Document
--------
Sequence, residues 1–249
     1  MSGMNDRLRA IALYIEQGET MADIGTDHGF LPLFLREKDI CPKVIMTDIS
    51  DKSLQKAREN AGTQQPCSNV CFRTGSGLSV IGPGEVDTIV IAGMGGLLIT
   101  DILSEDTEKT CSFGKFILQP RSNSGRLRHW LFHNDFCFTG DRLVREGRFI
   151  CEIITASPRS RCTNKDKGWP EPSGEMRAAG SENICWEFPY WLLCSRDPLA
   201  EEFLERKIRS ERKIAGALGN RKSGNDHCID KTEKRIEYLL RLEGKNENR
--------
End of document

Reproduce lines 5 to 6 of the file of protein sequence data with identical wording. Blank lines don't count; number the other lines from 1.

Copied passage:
   151  CEIITASPRS RCTNKDKGWP EPSGEMRAAG SENICWEFPY WLLCSRDPLA
   201  EEFLERKIRS ERKIAGALGN RKSGNDHCID KTEKRIEYLL RLEGKNENR